Bonaparte had risen hitherto by the victories he had achieved, the admiration he had excited, the conspiracies he had subdued. Attacked at home and abroad, he had been successful in his defence. In France his despotism was wise, his glory was great, and on the Continent he had combated the sovereigns and their armies; but he had rather appeared as a protector than an enemy to the people. His impolitic spoliation of Prussia, his unjustifiable seizure of Spain, brought new elements into the conflict against him.
From that moment the emperor of the French, who had hitherto been considered as a being apart, became one of the ordinary kings of the earth, and awakened the feelings which an emperor of Austria or of Russia would awaken now, if he declared war against the liberties of Europe. Confounded with the mass of monarchs, he sought their alliance, and the hand which had been at the service of Barras was offered to the daughter of the Cæsars.
All Bonaparte's faults may be concentrated into this act, by which he was at once separated from the system he had formed,
and the career he had traversed—and, transformed, from the daring adventurer, taking the lead in a new order of things, into one of those "Vieilles Perruques" which, up to that hour, had been the victims of his arms, and the objects of his ridicule. No fault is so absurd in a public man as that of confusing the nature of his position.
As long as he is the decided enemy of one party, the decided friend of another, he never has any occasion to halt or to hesitate. He knows those from whom he may expect enmity, and those to whom he may naturally look for assistance. But the instant he complicates his relations, every action and consideration become uncertain. He has something to hope, something to fear, in either course he may adopt; and doubts, as to the manner in which he may be most certain to succeed, prevent that concentration of purpose which is so essential to success. Bonaparte was the child of new thoughts and new feelings, to which his genius had given a gigantic force, and of which he stood for the time as the representative before alarmed and astonished Europe. He had turned a republic, it is true, into a military empire, and round his throne stood a new aristocracy; but still he had hitherto ruled as an elder brother over a nation of soldiers, and the titles he had given were so many orders of merit distributed to the most deserving of the people.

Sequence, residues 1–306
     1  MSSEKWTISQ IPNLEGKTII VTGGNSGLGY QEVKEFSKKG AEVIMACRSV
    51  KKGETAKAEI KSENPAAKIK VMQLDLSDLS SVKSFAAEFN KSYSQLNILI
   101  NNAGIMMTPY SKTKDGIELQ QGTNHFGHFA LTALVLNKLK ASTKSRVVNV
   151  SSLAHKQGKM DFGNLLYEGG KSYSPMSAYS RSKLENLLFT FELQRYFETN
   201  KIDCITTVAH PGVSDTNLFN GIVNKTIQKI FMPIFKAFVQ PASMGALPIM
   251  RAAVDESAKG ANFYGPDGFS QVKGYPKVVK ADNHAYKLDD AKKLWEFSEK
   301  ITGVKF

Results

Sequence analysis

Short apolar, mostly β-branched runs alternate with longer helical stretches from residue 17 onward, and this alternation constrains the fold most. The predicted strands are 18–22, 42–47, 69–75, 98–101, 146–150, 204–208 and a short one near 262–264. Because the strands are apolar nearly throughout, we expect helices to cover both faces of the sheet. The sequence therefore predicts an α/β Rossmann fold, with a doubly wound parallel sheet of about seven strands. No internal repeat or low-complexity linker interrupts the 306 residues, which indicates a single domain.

He was not the master, but the organ of public opinion, and through him, as through a trumpet, spake the warlike genius of the French..
To those who possessed the ancient thrones, the wasted prerogatives and worn-out genealogies of antique Europe, he was naturally opposed. They could not make peace with him, without making peace with a principle at war with their own existence. As long as he saw this, his course was plain; his enemies were before him, and it was only in the sympathies that he could enlist against them, that he could hope to find allies.
As the foe of the legitimate monarchs, he was ten thousand times greater than they; but there was not a petty prince in Germany whom he did not sink beneath, when he became a suitor for their alliance. The prestige which made him superior to other men was gone: even those around him felt their consequence diminished; and all the new names and glories
of France sunk into comparative insignificance, when it appeared that Napoléon himself found it necessary to mingle the renown of his deeds with the "historical blood” of the enemy he had subdued, and seemed to doubt the reality of his dignity, and to deem that his diadem could not be truly royal, until it was placed on the legitimate brows of a daughter of some ancient dynasty.
The refusal of his alliance in Russia was an almost certain presage of his subsequent defeat there; and the miserable policy with which he afterwards preferred consulting' the interest of his Austrian father-in-law, to conferring liberty on Poland, betrayed all the eurors he fell into from the falsity of his position. The only success which attended his new alliance was the birth of a son, heir to an empire already on the decline. The reaction which commenced with Russia, Prussia, and with Spain, and which rapidly extended itself by the continental system throughout Europe, was signalised by the defection of the emperor of Austria, notwithstanding the courtesies of his son-in-law, and the rising of the whole of the north of Germany, after that memorable campaign in which Napoléon left amongst the snows and the ruins of Moscow the character of his troops and the charm of his renown.
He was vanquished at the moment when it was most necessary for him to conquer; for the nation, long enslaved by his glory, was fatigued by his dominion. Crushed beneath the conscription, the impositions, and the cours prévôtales of Napoléon, the citizen languished for security, quiet, and commerce, while the priest conspired in his prison against the enemy of the pope, and the ex-minister of the empire plotted to be minister of the Restoration.
Then it was that, driven behind the Rhine, abandoned by the people he defended, alone against the world, Bonaparte relied upon his veteran soldiers and his own genius, and prepared, with a skill and a courage suited to his better days, to protect France from the armies who, profiting by the returning tide of war, were pouring on to her invasion. Swartzenburg was advancing by Switzerland, Blucher by Frankfort, Bernadotte by Holland, and the English under the command of Wellington-the English, who had never bowed the neck,